Bees Do Not Want To Expand…What Gives? – 2018

A honey bee by Eco Bee Box

Thoughts to consider…when raising bees. Note we didn’t say when making honey. Honey is the by-product of a healthy active colony. A question we regularly hear is “my bees aren’t drawing out new comb”, “they are not expanding”, “they must not like their hive”, “they are doing nothing”, “it has been a month and I just raised a queen and they haven’t expanded”, “when do I add another box”. The questions are similar and require in most cases a simple answer of be patient.

Honeycomb on a mini frame by Eco Bee Box

The first thing to consider, bees live in almost anything. Removals have extracted bees out of trees, walls, roofs, floors, bbq’s, sofas, propane tanks, car fenders, bushes, upside-down containers, and the list continues. Understand bees have an incredible sense of smell and a beekeeper can inadvertently place a colony in a hive or location that is adverse to their sense of smell.

The second thing to consider is beekeeping is regional. A beekeeper in Maine, verses a beekeeper in Arizona, verses a beekeeper in Georgia, verses a beekeeper in Saskatchewan are all going to have to adapt to their environment and conditions that are present. Rain slows bees. Cold slows bees. Too much heat slows bees. Limited available forage slows bees. Robbing slows bees. When all the settings are right…bees produce and can grow fast.

2lbs of comb honey by Eco Bee Box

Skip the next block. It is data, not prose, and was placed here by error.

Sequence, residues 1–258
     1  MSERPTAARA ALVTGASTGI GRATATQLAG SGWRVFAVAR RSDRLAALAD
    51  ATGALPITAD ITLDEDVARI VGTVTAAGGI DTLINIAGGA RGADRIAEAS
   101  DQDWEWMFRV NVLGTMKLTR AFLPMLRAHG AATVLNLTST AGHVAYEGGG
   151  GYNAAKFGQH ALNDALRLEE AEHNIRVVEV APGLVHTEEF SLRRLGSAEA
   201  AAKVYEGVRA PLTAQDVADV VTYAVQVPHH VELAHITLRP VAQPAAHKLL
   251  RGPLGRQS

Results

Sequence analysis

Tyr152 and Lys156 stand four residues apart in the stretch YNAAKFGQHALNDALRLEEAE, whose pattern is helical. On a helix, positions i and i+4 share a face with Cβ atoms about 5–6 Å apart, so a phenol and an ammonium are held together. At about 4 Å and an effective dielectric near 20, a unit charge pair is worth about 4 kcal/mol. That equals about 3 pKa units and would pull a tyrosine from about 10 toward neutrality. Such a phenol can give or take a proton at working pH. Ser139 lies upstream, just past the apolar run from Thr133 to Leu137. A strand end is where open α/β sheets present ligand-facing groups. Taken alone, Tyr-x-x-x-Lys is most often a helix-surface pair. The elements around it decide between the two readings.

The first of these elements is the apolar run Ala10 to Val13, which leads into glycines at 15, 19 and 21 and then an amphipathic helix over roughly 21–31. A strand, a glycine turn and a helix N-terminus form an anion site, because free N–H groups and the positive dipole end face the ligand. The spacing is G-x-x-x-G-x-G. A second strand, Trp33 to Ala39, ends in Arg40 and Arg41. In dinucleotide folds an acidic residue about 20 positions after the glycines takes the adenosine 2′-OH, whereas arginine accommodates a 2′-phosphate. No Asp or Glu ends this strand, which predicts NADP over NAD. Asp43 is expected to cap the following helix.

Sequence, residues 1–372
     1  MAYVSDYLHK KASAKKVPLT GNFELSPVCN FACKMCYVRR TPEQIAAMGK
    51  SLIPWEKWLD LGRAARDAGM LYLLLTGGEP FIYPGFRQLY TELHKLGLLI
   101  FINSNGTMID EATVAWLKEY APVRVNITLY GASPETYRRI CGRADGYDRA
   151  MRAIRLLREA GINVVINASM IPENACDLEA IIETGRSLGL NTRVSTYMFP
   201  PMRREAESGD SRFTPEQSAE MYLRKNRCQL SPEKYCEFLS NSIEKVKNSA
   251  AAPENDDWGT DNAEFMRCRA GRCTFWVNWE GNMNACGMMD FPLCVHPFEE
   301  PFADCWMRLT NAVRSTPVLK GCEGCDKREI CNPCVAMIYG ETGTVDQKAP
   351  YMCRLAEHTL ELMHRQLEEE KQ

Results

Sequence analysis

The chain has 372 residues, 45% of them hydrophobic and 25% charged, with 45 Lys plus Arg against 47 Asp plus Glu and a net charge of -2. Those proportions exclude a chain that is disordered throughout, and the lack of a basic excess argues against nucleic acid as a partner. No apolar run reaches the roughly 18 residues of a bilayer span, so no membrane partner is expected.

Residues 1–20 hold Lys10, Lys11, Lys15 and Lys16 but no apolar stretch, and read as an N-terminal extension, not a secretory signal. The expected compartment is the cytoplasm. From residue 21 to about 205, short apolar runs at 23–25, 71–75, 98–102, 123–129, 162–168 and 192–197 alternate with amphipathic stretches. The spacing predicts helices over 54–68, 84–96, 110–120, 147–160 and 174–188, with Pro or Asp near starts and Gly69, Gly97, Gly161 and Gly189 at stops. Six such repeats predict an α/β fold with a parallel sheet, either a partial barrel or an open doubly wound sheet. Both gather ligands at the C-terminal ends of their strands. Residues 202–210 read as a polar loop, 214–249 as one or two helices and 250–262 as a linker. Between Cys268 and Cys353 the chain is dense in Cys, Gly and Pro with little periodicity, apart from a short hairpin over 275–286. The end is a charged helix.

Third, expansion happens when the bees need it. It isn’t a date on the wall, or a number of days, or a magical mathematical equation. If a logarithm would be made for bees it would include – bee health, colony size related to size of space, available forage (nectar, pollen, water, propolis ingredients), window of acceptable heat, bees can’t fly in rain so this stops growth, queen issues, robbing factors, disease threats, time for cycles to occur, bee density in your area compared to resources, neighbors with a jihad for bees and flying things, local predators, and probably still others.

As a beekeeper, you are at the mercy of your area and need to understand it’s limitations or concerns. One answer is not applicable for all areas, times of the season or even all hive styles. Some items can be induced such as wax production but other issues have to be in line as well. Feeding them but it is cold and rainy is a challenge as they are clustering to keep temps up around their brood. If your colony appears active but is not growing, is it too hot? They may be spending all their time collecting water to stay cool. How far away is their water source?  Brood can’t get cold and can’t get hot…either way the pendulum swings affect the bees.

Cycles are occurring in your hive and some of them just take time. If you are requeening then the expansion will be limited. Time has to pass and cycles have to occur.

Eco Bee Box bee carved in stone

Watch and learn what is happening to your colony. Try to understand what their needs are. Bees are speaking to you but many times we don’t understand what they are saying.

Hope this helps some.
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Eco Bee Box Canada produces modern pine and cedar beekeeping beehive equipment in both Canada (CA) and United States (US). This signature equipment is made with patented hardware for our unique box designs. This attractive hardware prevents box breakdown and assists the beekeeper. Our modern hives include: the Mini Urban Beehive (MUB); Langstroth Horizontal Hive (SANC); Comb Box Hive (COMB); Observation Hive (LUM); Vintage Hive (VINT); and others. 

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